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3M Press-On Optics

post #1 of 13
Thread Starter 
I am now the proud owner of bifocals!

Has anyone tried these?
http://www.goodglasses.com/index.cfm...9997/id/172747

My guess is they won't stick very well to ski goggles due to the goggle being treated with anti-fog. If these won't work then I guess it is either prescription goggles or contacts from what I have read on other threads. If anyone has tried the Press-On Optics, feedback would be appreciated.
post #2 of 13
It's amazing what the white coats at 3M come up with!

Dennis
post #3 of 13
Quote:
Originally Posted by Denny1969 View Post
It's amazing what the white coats at 3M come up with!

Dennis
That's why it's one of the few stocks that I actually purchased on my own.
post #4 of 13
I don;t understand the question to begin with.

I wear progressive bifocal lenses and have for skiing:

1. a pair of progressive lens wrap style sunglasses
2. a pair of small frame regular glasses w/progressive lenses

Both fit under most goggles (Zeal, Smith and Bolle) that are marked medium face or larger although the sun glasses are a bit uncomfortable with goggles.

I also have a pair of Bolle OTG goggles that I rarely wear because they are to big and uncomfortable.

I tried contacts 15 years ago and didn't like them.

YMMV
post #5 of 13

non-bifocals for skiing

I am not a fan of bifocals for skiing, or any sports, for that matter. I wear bifocals, but have a pair of straight distance glasses that fit under Scott fan goggles. The last time I changed prescriptions had a pair of distance lenses made and put into my old eyeglass frames. I can see what is at my feet better with my distance glasses than with bifocals, which gives me better confidence on sketchy terrain.
Just a suggestion...
post #6 of 13
Thread Starter 
I skiied last Sunday at Alta with my glasses under Smith Knowledge OTG goggles (no fan). Glasses fogged up when ever stopped or in lift lines, cleared back up when skiing or riding the lift. I thought these press-on optics might be better than wearing the glasses, if the will stick. Again, has anyone tried them?
post #7 of 13
ah! I was not thnking about fogging. I still get fogging occasionaly.
post #8 of 13
I am very interested in these.... this seems like a great solution to those of us that hate contacts but are sick of fogging our glasses under our goggles. I wonder if they produce a similar product that has a antifog already on these lenses...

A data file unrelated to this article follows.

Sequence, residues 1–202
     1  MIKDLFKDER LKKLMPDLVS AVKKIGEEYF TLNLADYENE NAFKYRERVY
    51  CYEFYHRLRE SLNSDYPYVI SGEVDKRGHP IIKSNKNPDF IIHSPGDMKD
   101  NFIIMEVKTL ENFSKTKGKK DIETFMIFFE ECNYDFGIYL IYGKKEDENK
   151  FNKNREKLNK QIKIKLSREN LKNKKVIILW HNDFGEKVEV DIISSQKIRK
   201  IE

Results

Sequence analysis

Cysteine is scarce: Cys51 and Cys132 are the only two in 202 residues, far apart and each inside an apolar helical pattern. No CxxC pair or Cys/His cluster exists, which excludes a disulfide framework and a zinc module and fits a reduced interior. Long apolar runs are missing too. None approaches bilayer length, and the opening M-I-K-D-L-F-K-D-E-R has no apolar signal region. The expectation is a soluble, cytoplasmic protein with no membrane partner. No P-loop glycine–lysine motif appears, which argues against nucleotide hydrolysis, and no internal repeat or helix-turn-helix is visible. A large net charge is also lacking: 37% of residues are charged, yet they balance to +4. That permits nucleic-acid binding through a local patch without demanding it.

My main concern is that you install these on the inside of your ski goggles and then you are riding up on the lift and the lense that you installed on your goggle starts to fog...

Someone needs to try this a report back! maybe I will...
post #9 of 13
Quote:
Originally Posted by J5isalive2 View Post
My main concern is that you install these on the inside of your ski goggles and then you are riding up on the lift and the lense that you installed on your goggle starts to fog...
My main concern is that you install these on the inside of your ski goggles and then you are riding up on the lift and the lens that you installed on your goggle breaks free of your goggle and rattles around inside of it.

Why might this happen with snowsports and not diving masks? The thing attaches by -hydrostatic- adhesion. May not work so well when the liquid film between the 3M and the goggle lens gets near freezing, eh?

I perceive three possible danger syndromes:

1 (the thing freezes and pops off because ice expands, 3M stick on loose inside goggles)
2 (the thing freezes and makes nice Jack frost crystals inside your goggle)
3 (the fluid film evaporates and again the 3M stick on is loose inside goggles)
post #10 of 13
causing something to stick to something else is not a concern of mine, why? 3m makes so many adhesives that I am confident I can find one to attach a small rubber lense to the inside of a ski goggle. What i am not confident in is the anti fog properties of a flexible lense....
post #11 of 13
Quote:
Originally Posted by J5isalive2 View Post
causing something to stick to something else is not a concern of mine, why? 3m makes so many adhesives that I am confident I can find one to attach a small rubber lense to the inside of a ski goggle.
No doubt, if you


a) dump the diving mask instructions that tell you to use water.
b) experiment long enough to match the refractive indices so you don't get junk like multiple images or wacky internal reflection.

part b may actually be easier than it appears; the meat packing industry has done a ton of research on this.


Quote:
What i am not confident in is the anti fog properties of a flexible lense....
Particularly considering that you have to get rid of the supplied antifog coating on the inside of the goggle lens in order to get the insert lens to stick.
post #12 of 13
Thread Starter 
I have talked to two distributors. One says it won't work with ski goggles because it won't stick to the goggle lens due to the anti-fog treatment on ski goggles. Another insists that they do work with ski goggles but does admit that they are difficult to apply. The possible danger points that comprex mentions in post #9 are probaby worth noting. Maybe I should just get measured for contacts and quit looking for alternatives.
post #13 of 13
I just did a reply to you on the lenses. They work fine on fog treatment and been using them for Harley riding goggles at high speeds and no problems - helps me read gauges and GPS info.

Also, don't need to add but one on one side so a pair of stick ons work for me on left lense of goggles.  Got them at Sport Eyes originally for $30 for a pair of 3M. HOWEVER, you can go to: goodglasses.com and order some OPTX lenses for $14.95 a pair or two pair for $24.95 and $4.95 shipping for any size order. 

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